She always knew her career would revolve around horses, but for the longest time, Cassandra Garcea never figured it would be as a Thoroughbred jockey.
When Blushing Brat, her seventh career mount at Woodbine Racetrack and 15th overall for the 28-year-old Garcea (pronounced Gar-chee-ya), crossed the wire first in the final race of a Wednesday evening card in the fall of last year, the milestone win brought a multitude of things to mind for the apprentice rider.
“It was a great feeling, but it was something that sunk in about three hours afterwards,” said Garcea, who began her career with a second-place finish aboard Bold Storm at Fort Erie on October 4, 2010. “A lot went through my head. It was very surreal. I thought about how lucky I was to be riding against a very talented group of jockeys. I also thought, ‘I can’t believe I’m actually doing this.’ I love horses and I’ve always been around them, but I never expected to be a jockey. Not in a million years.”
But for Garcea the win was bittersweet. Her Dad, the late trainer Eric Garcea, the man who taught his daughter much of what she knows about horses, succumbed to cancer two years earlier. Her initial win was a deeply meaningful one. Garcea knows her father would be proud.
“I thought of my Dad, definitely,” said Garcea, of the 2 1/4-length victory that resulted in a $19.30 win payout. “He instilled a great work ethic in me. At a young age, I was out in the barn mucking stalls and putting in an honest effort. I’m really thankful for what he taught me. I don’t mind hard work and long hours. That’s how you get results.”
With the Opening Day for the 2011 Woodbine Thoroughbred meet set for this Saturday, April 2, Garcea hopes to capitalize quickly on the work ethic and abilities instilled by her late father.
Cassandra had worked with show horses in Vancouver up until six years ago. She then joined her father and made the journey east to Woodbine.
She enjoyed a highly successful career in show jumping, competing throughout the United States and Canada, including the prestigious Royal Winter Fair, on several occasions, and often dreamed of representing Canada at the Olympics.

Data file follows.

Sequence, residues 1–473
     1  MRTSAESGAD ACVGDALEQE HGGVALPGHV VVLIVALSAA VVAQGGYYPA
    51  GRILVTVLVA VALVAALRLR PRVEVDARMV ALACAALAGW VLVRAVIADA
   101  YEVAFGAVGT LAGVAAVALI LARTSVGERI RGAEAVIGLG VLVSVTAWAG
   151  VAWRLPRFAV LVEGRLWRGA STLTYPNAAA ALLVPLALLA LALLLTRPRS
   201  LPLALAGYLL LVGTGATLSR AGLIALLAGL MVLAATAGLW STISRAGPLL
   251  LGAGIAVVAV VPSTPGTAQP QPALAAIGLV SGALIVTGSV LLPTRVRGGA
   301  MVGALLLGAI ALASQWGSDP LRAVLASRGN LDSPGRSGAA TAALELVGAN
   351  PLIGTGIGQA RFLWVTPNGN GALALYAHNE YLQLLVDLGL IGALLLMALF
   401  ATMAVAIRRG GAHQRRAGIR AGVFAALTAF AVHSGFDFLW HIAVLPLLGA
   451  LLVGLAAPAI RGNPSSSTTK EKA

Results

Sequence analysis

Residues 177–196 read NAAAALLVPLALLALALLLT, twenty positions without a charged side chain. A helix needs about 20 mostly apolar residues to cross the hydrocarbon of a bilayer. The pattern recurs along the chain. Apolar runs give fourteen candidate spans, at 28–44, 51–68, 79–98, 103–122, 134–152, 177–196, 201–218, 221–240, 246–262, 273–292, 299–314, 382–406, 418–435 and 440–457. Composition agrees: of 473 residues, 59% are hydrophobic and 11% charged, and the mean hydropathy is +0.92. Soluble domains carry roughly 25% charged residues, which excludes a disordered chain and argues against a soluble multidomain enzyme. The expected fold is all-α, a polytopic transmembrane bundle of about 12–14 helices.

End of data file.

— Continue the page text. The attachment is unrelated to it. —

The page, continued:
“I pretty much grew up around the barn and took to the horses right away,” said Garcea, who had never galloped horses until she arrived at Woodbine in 2005. “I loved show jumping and I did well at it, but there came a time where I was burned out. I decided to try other things. I wanted to see what it would be like to have a 9 to 5 life.”
Jobs as a bartender and as a partner in a clothing line business that catered to show jumping apparel didn’t last long, leading Garcea to once again get involved with horses, this time working alongside her father and others, including Woodbine-based champion trainer Reade Baker.
“I suppose I knew I’d always have to do something that revolved around horses,” laughed Garcea, who travelled with some of Baker’s top stakes horses, including Canada’s 2008 Horse of the Year, Fatal Bullet, Bear Now and Kentucky Bear. “The clothing line was successful, but I really didn’t have the backing to make it the success I wanted it to be. But regardless, I really started to miss the horses. I always come back to them.”
Garcea also worked as an exercise rider and assistant to trainer Chad Brown, who is best known for saddling Maram to victory in the 2008 Breeders’ Cup Juvenile Fillies Turf, in New York and Florida. She returned to Woodbine in the spring of 2010, this time with the intention of making a go as a jockey.
She paired up with jockey agent Don Parente, who also handles the book for Eurico Rosa da Silva, Woodbine’s leading rider in 2010 and winner of the past two Queen’s Plates (Big Red Mike, Eye of the Leopard).
“It was a lot of work and long hours,” said Garcea, of her work in New York. “After doing that for about a year, I sat back and thought, ‘What do I really want to do?’ I love being on the back of horses. That’s my passion, that’s what I love to do. I didn’t want to be on the ground anymore. I hated the idea of looking back and realizing I didn’t give riding a shot. People would always ask me and I finally decided it was time.”
Her first year, though an abbreviated one, produced four wins from 51 starts at Woodbine, along with 17 top-three finishes. After reaching the four-win mark, Garcea shut down for the campaign, enabling her to keep her five-pound apprentice weight allowance.
“She’s got a chance,” said Baker. “She’s very dedicated and willing to listen. The most impressive quality she has is her ability to learn.”
Garcea hasn’t been fazed by the transition from show jumping to Thoroughbred riding.
“Going from one competitive arena to another really helped me with my confidence,” she offered. “As soon as I’m sitting on the back of the horse, I’m not nervous. I’m more nervous in the jock’s room anticipating the race itself.”
She’s set goals for the 167-day meet, ones she’ll keep to herself for now. But just like she did in the show jumping arena, Garcea is aiming high.
“It’s very competitive at Woodbine and that’s a good thing,” she offered. “The jockeys are very good to me. I feel I can ask them anything and they’ll help me. As for the track itself, it’s just beautiful. To be able to ride at this track, against quality riders, that was a big goal for me. This is exactly where I want to be.”
It just took Cassandra Garcea a little time to realize it.